Important Women of Liberty County
March is Women’s History Month, and we have a lot of women to appreciate here in Liberty County. We are honoring these women because they have made an impact on our community and beyond. These women each have their own legacy and all have been instrumental in affecting change in the lives of many.
Mary Musgrove was a child of bicultural beginnings. Her father was an English trader and her mother was a Creek Indian. Musgrove grew up embracing both cultures in which she was born and took advantage of her heritage by maintaining peace in the developing colony of Georgia. She utilized her ability to speak both the Creek & English languages and became a successful trader with her husband. She and her husband helped James Oglethorpe navigate the waters when interacting with the Creek Indians. They subsequently helped settle St. Catherines Island, then later sold the island to Button Gwinnett, one of the signers of the Declaration of Independence.
Susie King Taylor
Born a slave on the Isle of Wight in Midway, Susie King Taylor became an icon of her time. Despite the harsh laws of the time period, she was able to receive a formal education at secret schools. Because of her opportunity for education, Taylor later went on to become the first African American to teach openly in a school for freed slaves. After marrying, she joined her husband’s regiment and taught African American soldiers how to read and write. Taylor went on to establish multiple schools for African Americans and even wrote & published Reminiscences of My Life in Camp with 33d United States Colored Troops, Late 1st S.C. Volunteers. This made her the first African American woman to publish a memoir of her experiences while at war.
Elisabeth B. Moore
Elisabeth B. Moore began her six-year tenure as Dorchester Academy’s sole female African American headmistress in 1925. Moore introduced physical education and the use of educational movies at Dorchester in 1927. During Moore’s time, Dorchester’s football and basketball teams developed strongly. Moore introduced swimming and tennis to Dorchester’s curriculum, but she died before the programs could be complete.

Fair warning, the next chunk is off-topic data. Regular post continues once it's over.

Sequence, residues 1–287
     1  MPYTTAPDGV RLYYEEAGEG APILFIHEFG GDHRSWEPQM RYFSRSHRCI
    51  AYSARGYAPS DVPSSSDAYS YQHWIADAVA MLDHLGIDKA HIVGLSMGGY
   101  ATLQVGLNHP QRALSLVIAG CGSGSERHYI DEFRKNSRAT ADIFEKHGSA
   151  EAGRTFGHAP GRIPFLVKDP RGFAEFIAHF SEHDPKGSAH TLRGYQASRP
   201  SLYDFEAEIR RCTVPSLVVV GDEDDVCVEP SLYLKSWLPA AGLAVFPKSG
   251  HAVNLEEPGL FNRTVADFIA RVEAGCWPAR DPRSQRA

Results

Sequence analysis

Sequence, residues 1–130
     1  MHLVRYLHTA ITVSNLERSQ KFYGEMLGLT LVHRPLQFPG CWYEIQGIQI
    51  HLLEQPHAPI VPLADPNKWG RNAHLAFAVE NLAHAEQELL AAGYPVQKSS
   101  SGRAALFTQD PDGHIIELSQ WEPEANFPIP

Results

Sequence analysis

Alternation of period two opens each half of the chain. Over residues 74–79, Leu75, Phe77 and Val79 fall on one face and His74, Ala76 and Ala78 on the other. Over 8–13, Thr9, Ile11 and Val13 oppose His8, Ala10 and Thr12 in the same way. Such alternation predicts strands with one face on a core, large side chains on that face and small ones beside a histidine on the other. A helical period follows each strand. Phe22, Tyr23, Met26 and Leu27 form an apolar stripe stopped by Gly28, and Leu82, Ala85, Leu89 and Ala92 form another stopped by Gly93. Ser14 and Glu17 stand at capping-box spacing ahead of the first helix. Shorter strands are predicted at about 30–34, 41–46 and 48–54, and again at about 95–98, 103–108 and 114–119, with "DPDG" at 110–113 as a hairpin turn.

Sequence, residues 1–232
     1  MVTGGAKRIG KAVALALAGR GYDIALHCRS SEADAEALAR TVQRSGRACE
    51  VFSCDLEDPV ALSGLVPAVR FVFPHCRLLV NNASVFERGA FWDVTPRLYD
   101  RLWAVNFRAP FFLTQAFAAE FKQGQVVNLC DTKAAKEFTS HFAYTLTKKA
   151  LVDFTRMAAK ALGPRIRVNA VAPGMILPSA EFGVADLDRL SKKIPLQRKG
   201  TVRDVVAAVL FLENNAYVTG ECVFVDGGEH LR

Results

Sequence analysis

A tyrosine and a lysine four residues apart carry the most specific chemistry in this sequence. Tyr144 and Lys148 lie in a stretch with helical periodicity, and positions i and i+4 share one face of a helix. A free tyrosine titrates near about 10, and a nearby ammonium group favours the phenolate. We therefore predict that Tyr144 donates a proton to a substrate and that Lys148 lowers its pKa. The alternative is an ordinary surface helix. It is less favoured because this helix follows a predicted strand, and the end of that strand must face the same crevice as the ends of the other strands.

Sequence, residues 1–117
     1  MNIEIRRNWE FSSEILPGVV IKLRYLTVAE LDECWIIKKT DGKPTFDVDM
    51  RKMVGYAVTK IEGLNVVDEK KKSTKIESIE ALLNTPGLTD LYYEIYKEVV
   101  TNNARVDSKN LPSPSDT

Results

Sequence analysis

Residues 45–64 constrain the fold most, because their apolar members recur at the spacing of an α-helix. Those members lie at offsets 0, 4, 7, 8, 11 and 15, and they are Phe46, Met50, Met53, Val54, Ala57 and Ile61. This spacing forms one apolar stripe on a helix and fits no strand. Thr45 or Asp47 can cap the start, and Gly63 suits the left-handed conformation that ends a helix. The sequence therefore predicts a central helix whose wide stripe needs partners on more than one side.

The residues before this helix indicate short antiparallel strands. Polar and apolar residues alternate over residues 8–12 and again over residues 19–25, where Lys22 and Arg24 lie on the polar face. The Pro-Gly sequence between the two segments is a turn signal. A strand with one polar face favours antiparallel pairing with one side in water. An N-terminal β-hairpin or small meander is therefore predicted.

Lyndol Anderson moved to Walthourville from Bulloch County in 1958. She and her husband opened Anderson’s Groceries which was a small store that carried everything the community needed. Anderson was known to support those in need by giving away food and other items for free. The community in return gave Anderson love and respect. So much so that she became the first mayor of Walthourville when it was incorporated in 1974. Surrounding her was an all-female council appointed by Governor Jimmy Carter. Anderson wasn’t just the first mayor of Walthourville, she was also the first female mayor in the state of Georgia.
Carrie Kent Brown
Carrie Ken Brown was one of the five members of Lyndol Anderson’s all-female council. By 1978, she became one of the first African American female elected mayors in the entire United States. She served for 24 years using her strength, determination and tenacity to help her succeed. She refused to believe that her difficult circumstances would keep her down. As mayor, Carrie did her best to improve her community and herself. She even drove to Atlanta to see how she could do things better for her town. On June 17, 2009, Ms. Carrie Kent Brown had passed. Today, her landmark sits at Walthourville City Hall in honor of the role she played in Walthourville being “organized by women, supported by men.”
A Riceboro native, Delisha Milton-Jones graduated from Bradwell Institute. She played high school basketball and went on to play college basketball at the University of Florida. Milton-Jones also played in the Summer Olympics in 2000 & 2008, winning gold both times. In 2005, she became the second woman ever to coach a men’s basketball team. By 2017, She became head coach at Pepperdine University. She is one of the first in a long line of successful athletes to come from Liberty County.
Dawn Baker is a well-known name for anyone who lives in Georgia and the lowcountry of South Carolina. Hailing from Riceboro, Baker is an anchor on WTOC. She has created a legacy of empowering women that will be remembered for years to come. Baker joined WTOC in 1989 and is now the co-anchor for the 5:30 & 11:00 news. Her scholarship program, “The Dawning of a Miracle Scholarship,” has awarded thousands of dollars to deserving young ladies with chronic or life-threatening illnesses striving to attend college. She also wrote a book Dawn’s Daughter: Everything a Woman Needs to Know that donates a portion of the proceeds to the scholarship fund.
These are just a few examples of strong women in Liberty County. Many more are leading the way and we are looking forward to seeing the future of our community. To learn more about our coastal community, visit our Right Blend Blogs.